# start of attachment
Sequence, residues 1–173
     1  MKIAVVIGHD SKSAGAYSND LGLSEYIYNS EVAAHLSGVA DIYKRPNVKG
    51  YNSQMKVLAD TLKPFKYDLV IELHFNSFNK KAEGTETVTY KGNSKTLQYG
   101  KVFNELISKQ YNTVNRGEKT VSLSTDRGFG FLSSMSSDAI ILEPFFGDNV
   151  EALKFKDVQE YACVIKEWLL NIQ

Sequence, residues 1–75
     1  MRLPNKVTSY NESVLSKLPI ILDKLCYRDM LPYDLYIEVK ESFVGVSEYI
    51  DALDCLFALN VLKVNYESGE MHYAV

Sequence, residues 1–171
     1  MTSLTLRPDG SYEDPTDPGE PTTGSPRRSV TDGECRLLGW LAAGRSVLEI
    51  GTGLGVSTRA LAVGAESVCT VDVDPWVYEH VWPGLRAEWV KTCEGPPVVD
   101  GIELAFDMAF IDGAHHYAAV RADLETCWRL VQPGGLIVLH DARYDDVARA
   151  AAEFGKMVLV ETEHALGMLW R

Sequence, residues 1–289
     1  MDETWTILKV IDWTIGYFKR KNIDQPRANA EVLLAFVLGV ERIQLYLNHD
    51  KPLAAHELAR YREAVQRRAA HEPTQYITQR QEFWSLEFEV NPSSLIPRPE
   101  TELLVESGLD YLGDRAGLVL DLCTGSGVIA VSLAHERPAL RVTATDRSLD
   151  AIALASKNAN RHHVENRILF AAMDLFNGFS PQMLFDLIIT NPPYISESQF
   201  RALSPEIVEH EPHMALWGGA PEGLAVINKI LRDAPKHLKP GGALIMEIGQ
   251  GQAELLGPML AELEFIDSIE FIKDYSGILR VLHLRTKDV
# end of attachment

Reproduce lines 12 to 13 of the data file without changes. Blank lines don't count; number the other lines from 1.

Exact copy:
   101  GIELAFDMAF IDGAHHYAAV RADLETCWRL VQPGGLIVLH DARYDDVARA
   151  AAEFGKMVLV ETEHALGMLW R